Corn Husk Upcycling Craft
One of the rising demands of modern life is the sustainable use of resources. A practice each of us is working to adopt in most spheres. In this particular sense, corn husks prove to be highly versatile. After corn has been harvested and taken in for human consumption, the leafy outer layer - the husk is either used to kindle fire or left to be discarded. However, human ingenuity has reconfigured this discarded material into a valuable resource. It is processed to make various products, from decor items such as flowers and dolls to utilitarian products such as rugs, ropes and mats.
In the past, corn husks were used to fill in mattresses, their broad leaves were used to cork bottles, washing lines were made out of corn husks, and people even used corn husks to wrap food. The advantages of corn husks and their usefulness have long been known as this material is very durable and is suitable for weaving different goods, like corn husk baskets, doormats, rugs, corn husk ornaments and all kinds of valuable objects.
To make anything out of corn husk, the first step is to dry them in the sun completely. The dried husks are then soaked in water for a few mins to make them softer and easier to shape. Patterns of petals for desired flowers are teased or cut out and glued or tied together to make flowers. To make dolls, the husk is wrapped around a stick figurine to give rise to the desired shape. And to make baskets the husk is shredded into small strips and braided to make ropes. These ropes are coiled or woven into a specific pattern to further make baskets out of them and then dried in the sun. It played a crucial role in people’s everyday life.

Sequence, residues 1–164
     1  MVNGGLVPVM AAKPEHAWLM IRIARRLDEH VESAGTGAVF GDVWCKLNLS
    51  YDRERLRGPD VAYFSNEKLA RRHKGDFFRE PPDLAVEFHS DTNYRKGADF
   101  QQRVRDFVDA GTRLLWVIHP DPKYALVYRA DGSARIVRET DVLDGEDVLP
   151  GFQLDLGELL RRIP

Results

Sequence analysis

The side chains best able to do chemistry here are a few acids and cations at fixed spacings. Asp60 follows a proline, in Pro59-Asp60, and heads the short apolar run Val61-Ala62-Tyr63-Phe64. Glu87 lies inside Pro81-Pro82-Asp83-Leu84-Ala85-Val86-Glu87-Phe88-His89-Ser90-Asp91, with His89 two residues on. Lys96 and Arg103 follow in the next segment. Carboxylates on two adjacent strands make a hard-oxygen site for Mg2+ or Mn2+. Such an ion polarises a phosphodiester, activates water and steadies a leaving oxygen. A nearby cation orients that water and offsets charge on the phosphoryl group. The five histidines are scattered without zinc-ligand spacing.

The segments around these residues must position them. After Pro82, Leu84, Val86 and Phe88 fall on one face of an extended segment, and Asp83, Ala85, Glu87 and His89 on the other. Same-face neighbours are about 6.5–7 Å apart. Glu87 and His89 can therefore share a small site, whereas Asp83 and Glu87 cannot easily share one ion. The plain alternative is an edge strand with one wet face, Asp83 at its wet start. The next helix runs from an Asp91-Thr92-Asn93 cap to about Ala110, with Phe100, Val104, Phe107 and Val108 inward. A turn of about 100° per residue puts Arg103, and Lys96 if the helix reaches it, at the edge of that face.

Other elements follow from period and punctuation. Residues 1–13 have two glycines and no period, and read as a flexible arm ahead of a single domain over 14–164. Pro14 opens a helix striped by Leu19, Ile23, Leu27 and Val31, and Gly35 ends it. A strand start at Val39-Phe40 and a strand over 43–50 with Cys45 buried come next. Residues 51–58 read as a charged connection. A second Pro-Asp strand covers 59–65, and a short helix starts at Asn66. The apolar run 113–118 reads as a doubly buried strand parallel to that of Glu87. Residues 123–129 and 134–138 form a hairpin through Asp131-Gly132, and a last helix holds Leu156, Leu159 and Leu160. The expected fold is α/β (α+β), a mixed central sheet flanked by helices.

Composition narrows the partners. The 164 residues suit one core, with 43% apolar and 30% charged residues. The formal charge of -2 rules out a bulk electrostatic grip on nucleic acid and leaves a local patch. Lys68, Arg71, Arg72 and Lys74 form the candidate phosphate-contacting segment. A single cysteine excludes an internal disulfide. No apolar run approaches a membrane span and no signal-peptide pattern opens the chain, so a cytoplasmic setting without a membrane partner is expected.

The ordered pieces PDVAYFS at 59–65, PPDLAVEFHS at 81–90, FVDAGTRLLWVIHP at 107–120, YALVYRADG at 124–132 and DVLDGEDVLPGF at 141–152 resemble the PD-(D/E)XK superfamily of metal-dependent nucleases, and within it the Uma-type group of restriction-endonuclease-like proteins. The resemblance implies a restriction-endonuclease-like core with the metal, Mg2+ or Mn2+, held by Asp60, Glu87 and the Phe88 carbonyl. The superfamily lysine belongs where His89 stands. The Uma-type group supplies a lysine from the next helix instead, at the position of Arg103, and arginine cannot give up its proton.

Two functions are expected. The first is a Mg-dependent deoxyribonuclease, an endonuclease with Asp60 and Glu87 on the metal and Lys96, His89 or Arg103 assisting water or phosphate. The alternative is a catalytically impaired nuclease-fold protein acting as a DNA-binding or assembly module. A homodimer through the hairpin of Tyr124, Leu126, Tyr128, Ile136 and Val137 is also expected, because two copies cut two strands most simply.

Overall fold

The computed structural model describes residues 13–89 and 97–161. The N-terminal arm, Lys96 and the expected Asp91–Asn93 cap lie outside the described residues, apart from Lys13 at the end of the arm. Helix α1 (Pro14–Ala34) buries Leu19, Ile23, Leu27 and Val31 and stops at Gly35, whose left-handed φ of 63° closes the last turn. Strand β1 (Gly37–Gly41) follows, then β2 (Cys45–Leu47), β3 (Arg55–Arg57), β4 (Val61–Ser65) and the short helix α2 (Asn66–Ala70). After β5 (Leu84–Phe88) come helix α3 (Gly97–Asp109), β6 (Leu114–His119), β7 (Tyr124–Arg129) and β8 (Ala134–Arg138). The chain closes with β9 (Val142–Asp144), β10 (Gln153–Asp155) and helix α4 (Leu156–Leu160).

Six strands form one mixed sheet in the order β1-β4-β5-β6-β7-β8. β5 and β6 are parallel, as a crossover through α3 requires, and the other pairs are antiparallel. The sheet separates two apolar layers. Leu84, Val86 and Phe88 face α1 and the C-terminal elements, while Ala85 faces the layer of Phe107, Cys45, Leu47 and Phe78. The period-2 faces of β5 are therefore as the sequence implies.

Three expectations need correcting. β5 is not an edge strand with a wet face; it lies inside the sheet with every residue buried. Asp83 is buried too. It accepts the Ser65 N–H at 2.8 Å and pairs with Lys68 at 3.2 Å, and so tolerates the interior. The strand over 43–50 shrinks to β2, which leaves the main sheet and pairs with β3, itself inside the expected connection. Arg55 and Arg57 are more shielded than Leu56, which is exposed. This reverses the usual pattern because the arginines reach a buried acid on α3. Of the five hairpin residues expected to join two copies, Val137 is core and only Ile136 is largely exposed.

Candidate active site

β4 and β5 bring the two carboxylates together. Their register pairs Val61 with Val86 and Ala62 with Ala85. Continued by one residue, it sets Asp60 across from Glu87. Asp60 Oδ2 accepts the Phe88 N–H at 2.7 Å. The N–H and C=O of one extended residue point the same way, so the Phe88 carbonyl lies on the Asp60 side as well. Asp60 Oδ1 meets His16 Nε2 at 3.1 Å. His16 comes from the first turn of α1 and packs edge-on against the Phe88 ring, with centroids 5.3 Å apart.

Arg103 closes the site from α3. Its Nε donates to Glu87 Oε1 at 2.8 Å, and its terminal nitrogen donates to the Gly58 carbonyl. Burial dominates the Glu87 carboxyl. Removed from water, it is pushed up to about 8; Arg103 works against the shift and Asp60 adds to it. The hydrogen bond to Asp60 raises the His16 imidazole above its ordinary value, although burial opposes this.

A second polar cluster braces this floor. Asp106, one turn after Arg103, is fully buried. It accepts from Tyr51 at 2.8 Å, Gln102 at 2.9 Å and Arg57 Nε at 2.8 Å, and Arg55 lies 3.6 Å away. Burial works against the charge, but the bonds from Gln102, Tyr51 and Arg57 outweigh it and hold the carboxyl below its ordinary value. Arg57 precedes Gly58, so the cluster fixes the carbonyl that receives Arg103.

Making a corn husk basket requires a lot of patience, as well as diligence and accuracy. In most traditional weaving, two strands are winding around each other. But this style introduces a third element, the corn husk, that wraps around the outer string to create the decorative pattern. Corn Husk baskets have been around for hundreds of years. Traditionally these baskets were used to carry and store food. The outer layer of corn husk made the baskets nearly airtight, keeping out bugs and keeping grains fresh.
The precious knowledge of corn husk craft or weaving is a generational one, passed on from one generation to the next. The art of making goods out of corn husk is a humble one, yet the products are exemplary in their quality and aesthetic. The products, along with the process of making them ensure that no toxins are emitted into the environment. This craft has been dwindling in recent times, yet its usefulness and versatility has always made it popular across the globe.